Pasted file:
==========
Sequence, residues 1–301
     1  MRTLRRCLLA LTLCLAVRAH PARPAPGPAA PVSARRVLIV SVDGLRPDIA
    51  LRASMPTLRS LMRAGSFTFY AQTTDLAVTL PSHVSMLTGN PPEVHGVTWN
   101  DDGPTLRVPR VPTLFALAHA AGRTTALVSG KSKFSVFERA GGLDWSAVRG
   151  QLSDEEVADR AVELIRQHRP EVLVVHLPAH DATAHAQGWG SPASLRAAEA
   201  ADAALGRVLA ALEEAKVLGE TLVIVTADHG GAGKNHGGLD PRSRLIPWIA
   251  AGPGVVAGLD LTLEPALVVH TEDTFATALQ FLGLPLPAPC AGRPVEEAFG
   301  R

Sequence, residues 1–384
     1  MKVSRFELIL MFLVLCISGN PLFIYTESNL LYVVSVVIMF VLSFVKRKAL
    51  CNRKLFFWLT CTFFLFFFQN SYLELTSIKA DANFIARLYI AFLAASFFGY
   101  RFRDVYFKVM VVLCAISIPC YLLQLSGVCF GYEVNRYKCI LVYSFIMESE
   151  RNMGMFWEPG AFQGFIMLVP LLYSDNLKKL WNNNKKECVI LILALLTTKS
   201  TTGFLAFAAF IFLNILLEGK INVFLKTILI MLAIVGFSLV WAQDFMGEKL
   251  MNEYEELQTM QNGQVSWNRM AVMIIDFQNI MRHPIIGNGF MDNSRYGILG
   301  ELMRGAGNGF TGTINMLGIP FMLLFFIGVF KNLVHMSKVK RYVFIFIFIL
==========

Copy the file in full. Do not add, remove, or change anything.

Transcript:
Sequence, residues 1–301
     1  MRTLRRCLLA LTLCLAVRAH PARPAPGPAA PVSARRVLIV SVDGLRPDIA
    51  LRASMPTLRS LMRAGSFTFY AQTTDLAVTL PSHVSMLTGN PPEVHGVTWN
   101  DDGPTLRVPR VPTLFALAHA AGRTTALVSG KSKFSVFERA GGLDWSAVRG
   151  QLSDEEVADR AVELIRQHRP EVLVVHLPAH DATAHAQGWG SPASLRAAEA
   201  ADAALGRVLA ALEEAKVLGE TLVIVTADHG GAGKNHGGLD PRSRLIPWIA
   251  AGPGVVAGLD LTLEPALVVH TEDTFATALQ FLGLPLPAPC AGRPVEEAFG
   301  R

Sequence, residues 1–384
     1  MKVSRFELIL MFLVLCISGN PLFIYTESNL LYVVSVVIMF VLSFVKRKAL
    51  CNRKLFFWLT CTFFLFFFQN SYLELTSIKA DANFIARLYI AFLAASFFGY
   101  RFRDVYFKVM VVLCAISIPC YLLQLSGVCF GYEVNRYKCI LVYSFIMESE
   151  RNMGMFWEPG AFQGFIMLVP LLYSDNLKKL WNNNKKECVI LILALLTTKS
   201  TTGFLAFAAF IFLNILLEGK INVFLKTILI MLAIVGFSLV WAQDFMGEKL
   251  MNEYEELQTM QNGQVSWNRM AVMIIDFQNI MRHPIIGNGF MDNSRYGILG
   301  ELMRGAGNGF TGTINMLGIP FMLLFFIGVF KNLVHMSKVK RYVFIFIFIL